Explosives experts have urged recycling staff to be extra vigilant after workers risked their lives taking a mortar shell (pictured) out of a skip.
Wyvern's Priorswood recycling centre in Somerset was closed at 2pm on Saturday February 12 after staff discovered a suspicious-looking device in a skip.
Before it had been established whether the 18-inch long mortar was dangerous, workers picked it up, took it to open land and covered it with a mattress.
The police and a crack Army squad were called and discovered it was empty so the centre was reopened at 4.45pm and no-one was hurt.
But ISSEE principle Alan Hatcher told MRW that live bombs are turning up all the time - and they could kill people if handled.
"A lot of these things are turning up," he said. "Squaddies bring back mementoes from conflicts and many soldiers kept souvenirs from the Second World War.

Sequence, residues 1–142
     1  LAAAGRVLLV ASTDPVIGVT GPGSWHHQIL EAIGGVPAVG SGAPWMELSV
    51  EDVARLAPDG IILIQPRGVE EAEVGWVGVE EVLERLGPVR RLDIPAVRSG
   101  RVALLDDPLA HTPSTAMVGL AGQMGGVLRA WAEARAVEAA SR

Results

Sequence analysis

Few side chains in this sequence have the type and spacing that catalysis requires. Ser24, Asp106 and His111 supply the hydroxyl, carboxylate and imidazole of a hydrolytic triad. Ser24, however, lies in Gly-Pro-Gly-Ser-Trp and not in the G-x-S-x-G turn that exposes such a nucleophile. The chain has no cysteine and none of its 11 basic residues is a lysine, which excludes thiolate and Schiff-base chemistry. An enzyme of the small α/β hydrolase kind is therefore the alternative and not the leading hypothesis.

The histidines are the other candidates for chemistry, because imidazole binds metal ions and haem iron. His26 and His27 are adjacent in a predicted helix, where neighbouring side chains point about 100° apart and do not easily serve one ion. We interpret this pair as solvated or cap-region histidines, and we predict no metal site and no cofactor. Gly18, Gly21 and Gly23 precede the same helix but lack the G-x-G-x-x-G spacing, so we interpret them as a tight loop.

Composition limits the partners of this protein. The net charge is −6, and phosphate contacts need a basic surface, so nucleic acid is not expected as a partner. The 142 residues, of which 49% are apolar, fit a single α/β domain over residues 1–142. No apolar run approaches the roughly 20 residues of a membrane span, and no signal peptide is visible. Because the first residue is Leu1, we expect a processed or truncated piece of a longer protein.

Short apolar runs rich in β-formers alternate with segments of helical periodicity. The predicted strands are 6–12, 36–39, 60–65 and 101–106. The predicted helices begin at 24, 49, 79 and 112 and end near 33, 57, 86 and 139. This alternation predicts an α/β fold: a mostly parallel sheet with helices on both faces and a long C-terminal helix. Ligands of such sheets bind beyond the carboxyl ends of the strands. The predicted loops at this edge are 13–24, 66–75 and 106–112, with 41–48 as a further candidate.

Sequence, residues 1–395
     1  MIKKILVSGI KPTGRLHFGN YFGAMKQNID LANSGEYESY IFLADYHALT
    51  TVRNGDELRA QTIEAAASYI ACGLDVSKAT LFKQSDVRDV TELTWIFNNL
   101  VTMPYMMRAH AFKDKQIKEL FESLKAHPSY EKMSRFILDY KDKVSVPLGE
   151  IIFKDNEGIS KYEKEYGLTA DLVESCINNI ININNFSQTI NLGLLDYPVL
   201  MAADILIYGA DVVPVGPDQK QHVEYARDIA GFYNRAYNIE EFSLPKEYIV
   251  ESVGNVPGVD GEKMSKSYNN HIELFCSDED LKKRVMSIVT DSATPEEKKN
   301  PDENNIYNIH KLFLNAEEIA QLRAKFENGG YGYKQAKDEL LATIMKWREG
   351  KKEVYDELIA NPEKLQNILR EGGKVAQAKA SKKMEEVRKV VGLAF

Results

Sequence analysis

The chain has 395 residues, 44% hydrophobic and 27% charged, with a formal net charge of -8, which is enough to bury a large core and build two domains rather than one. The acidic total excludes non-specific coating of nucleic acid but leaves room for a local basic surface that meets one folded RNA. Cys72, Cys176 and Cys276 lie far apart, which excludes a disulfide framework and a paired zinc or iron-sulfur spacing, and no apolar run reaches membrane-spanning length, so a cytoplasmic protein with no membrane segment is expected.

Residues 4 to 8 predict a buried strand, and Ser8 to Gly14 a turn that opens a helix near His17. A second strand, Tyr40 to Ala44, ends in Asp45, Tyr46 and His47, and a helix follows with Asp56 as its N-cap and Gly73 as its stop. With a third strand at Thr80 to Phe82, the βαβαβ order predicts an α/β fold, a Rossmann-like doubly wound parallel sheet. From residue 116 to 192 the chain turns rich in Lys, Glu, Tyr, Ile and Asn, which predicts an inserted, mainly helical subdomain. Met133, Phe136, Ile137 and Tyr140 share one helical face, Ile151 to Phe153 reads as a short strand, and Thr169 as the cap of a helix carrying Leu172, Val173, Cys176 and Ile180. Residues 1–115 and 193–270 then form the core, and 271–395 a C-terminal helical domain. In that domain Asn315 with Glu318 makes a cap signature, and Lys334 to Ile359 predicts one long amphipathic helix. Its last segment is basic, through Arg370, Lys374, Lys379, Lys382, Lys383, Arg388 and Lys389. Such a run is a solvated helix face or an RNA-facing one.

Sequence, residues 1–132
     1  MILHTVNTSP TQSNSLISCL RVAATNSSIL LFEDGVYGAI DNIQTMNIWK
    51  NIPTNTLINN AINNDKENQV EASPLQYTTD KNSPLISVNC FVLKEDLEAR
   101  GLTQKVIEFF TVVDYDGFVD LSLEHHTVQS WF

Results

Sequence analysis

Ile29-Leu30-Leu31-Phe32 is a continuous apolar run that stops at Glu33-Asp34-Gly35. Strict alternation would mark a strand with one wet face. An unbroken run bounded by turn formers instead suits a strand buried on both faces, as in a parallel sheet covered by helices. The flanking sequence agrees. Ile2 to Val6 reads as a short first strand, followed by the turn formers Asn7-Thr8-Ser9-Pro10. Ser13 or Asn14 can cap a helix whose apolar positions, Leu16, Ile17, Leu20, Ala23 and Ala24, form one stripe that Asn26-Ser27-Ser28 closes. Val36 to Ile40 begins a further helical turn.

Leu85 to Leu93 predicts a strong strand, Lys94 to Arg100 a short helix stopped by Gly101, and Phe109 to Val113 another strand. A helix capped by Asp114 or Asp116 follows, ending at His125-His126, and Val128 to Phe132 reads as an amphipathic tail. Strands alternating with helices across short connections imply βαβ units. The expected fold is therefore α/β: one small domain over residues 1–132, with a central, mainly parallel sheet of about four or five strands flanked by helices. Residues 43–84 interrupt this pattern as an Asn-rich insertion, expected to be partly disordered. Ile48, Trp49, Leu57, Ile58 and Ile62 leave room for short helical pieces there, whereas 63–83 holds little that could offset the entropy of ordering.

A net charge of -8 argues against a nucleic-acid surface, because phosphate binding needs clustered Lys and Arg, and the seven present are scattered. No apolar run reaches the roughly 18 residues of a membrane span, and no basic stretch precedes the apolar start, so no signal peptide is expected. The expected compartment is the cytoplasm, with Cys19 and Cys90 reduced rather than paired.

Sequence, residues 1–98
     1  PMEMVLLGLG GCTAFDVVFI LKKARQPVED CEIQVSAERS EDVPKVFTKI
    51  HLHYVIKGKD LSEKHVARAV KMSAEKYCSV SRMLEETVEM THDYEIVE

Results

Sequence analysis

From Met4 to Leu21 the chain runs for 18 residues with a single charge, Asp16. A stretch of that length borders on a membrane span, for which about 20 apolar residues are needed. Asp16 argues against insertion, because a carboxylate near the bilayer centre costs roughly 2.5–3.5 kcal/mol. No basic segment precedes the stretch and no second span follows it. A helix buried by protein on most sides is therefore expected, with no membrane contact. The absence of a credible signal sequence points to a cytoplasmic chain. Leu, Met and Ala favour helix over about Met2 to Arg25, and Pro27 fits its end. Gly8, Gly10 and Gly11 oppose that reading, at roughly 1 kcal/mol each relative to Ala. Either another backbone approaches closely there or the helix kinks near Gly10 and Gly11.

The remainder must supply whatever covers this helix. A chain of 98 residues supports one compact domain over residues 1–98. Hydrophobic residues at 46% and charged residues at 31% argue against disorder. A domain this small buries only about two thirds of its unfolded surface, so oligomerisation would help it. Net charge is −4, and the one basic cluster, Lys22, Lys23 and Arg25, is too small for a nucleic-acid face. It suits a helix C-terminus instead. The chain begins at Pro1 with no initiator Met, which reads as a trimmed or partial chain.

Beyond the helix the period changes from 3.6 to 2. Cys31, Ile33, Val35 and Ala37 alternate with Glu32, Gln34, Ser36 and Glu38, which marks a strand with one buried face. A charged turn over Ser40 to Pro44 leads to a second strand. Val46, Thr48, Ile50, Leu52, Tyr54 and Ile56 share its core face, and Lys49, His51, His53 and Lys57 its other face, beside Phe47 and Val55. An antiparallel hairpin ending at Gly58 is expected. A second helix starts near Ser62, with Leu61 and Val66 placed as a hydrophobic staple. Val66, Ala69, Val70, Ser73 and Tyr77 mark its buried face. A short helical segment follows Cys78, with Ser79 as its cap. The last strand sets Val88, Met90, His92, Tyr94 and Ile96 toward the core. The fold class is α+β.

"Families are finding them in their attics and wondering what to do with them. So they are taking them to places like recycling centres. This is going to keep happening.
"Scrap metal merchants find things such as hand grenades and mortars, much of it quite disfigured with time.
"But some of these things will be live, and their components will have grown sensitive with age, so there will be a danger of them going off if handled."
Referring to the Priorswood bomb scare, Hatcher added: "This was dealt with very sensibly in the first instance. If you see something suspicious, cordon it off and leave it.
"But handling it was a huge no-no. If it had been live it could have gone off, and then there would have been fatalities."
Wyvern contract manager Brian Nicholls said: "A member of staff moved the bomb and placed it on open ground. But when it was moved we did not know it was a device."
General manager Chris Jonas added: "We have established emergency procedures for dealing with situations like this and our plans were professionally executed."